Theoretically someone could write a page layout app that would do a good job with sets of Type 1 or regular TrueType fonts (perhaps referencing an online database mapping the expert sets in some kind of virtual GSUB). But is seems like an awful lot of work when OpenType provides all the information an app needs.

Cheers, Si

Luc Devroye's picture
Offline
Joined: 18 Dec 2002 - 9:53am
0

Hi Dan-- Wie gehts?

You are right that GPOS and GSUB are typical tables in
TrueType flavored OpenType fonts. But they can be found
in many blue-blooded TrueType fonts as well. These are
mostly for Arabic scripts where positioning and replacement
are crucial.

Thanks to google's capability of opening binary files such
as TrueType files, you can find examples of such fonts by
a simple search such as
filetype:ttf GSUB

I do not wish to hijack this thread though.

All the best and see you soon,

Luc

Simon Daniels's picture
Offline
Joined: 11 Apr 2002 - 6:37pm
0

Luc is correct here - GSUB and GPOS predate OpenType by several years, and were used in shipping Arabic fonts before OpenType.

See the "TrueType Open" Spec posted here...

http://www.microsoft.com/typography/SpecificationsOverview.mspx

OpenType was positioned as "TrueType Open version 2".

Dan Reynolds's picture
Offline
Joined: 20 Jul 2002 - 11:00am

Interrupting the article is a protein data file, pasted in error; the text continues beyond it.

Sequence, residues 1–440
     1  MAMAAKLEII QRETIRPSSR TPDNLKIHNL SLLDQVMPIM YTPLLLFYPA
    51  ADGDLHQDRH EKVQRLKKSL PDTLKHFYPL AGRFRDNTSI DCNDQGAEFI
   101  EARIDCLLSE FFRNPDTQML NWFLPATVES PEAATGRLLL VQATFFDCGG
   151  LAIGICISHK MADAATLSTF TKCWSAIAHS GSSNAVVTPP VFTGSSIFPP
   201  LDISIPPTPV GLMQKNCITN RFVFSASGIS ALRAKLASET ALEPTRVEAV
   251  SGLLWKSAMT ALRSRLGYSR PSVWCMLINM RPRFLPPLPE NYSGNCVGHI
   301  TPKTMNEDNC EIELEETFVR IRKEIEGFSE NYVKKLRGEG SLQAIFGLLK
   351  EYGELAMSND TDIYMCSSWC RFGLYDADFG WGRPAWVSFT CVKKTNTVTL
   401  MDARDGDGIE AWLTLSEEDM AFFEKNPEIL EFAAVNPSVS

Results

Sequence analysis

0

Mir geht's ganz gut, danke!

Typequake's picture
Offline
Joined: 10 Dec 2005 - 4:35pm
0

Oh, hello?!

Many typefaces do not require ligatures. Some of the not-so-obscure ones include Trump, Sabon, and perhaps you've heard of it - Palatino.
Just don't kern the roman.

Patricia Fabricant's picture
Joined: 23 Mar 2004 - 9:40am
0

Use the ligatures where they are available. fi fl ff ffi ffl especially, I'm with Tim on the "optional" ligatures, it depends on how you want your type to look.

Gerald Giampa's picture
Offline
Joined: 27 May 2004 - 11:15pm
0

As always I urge ligatures to be used. However tracking can cause problems. As always I urge that tracking be turned off. At least always until Adobe adopts my self tracking ligature invention.

As always!

Giampa

HK's picture
HK
Offline
Joined: 21 Feb 2006 - 7:32pm
0

From InDesign CS2 Help System:

    Ligatures


InDesign can automatically insert ligatures, which are typographic replacement characters for certain letter pairs, such as “fi” and “fl,” when they are available in a given font. The characters that InDesign uses when the Ligature option is selected appear and print as ligatures, but are fully editable, and do not cause the spell checker to flag a word erroneously.

    Discretionary Ligatures


Discretionary Ligatures Font designers may include optional ligatures [i.e. – “ct”, “st”, “sp”] that should not be turned on in all circumstances. Selecting this option allows these additional optional ligatures to be used, if they are present.

© 2005® Adobe® Systems® Incorporated®. All® rights® reserved®.

HK's picture
HK
Offline
Joined: 21 Feb 2006 - 7:32pm
0

"Mir geht’s ganz gut, danke!"

I believe "dan_reynolds" was speaking in a foreign language.

Dan Reynolds's picture
Offline
Joined: 20 Jul 2002 - 11:00am
0

Oh, that's just because Luc asked me at the end of his post how I was doing (in German). Neither of us have German as our native language. I just said that I was fine. Sorry for the whole inside-joke thing, HK.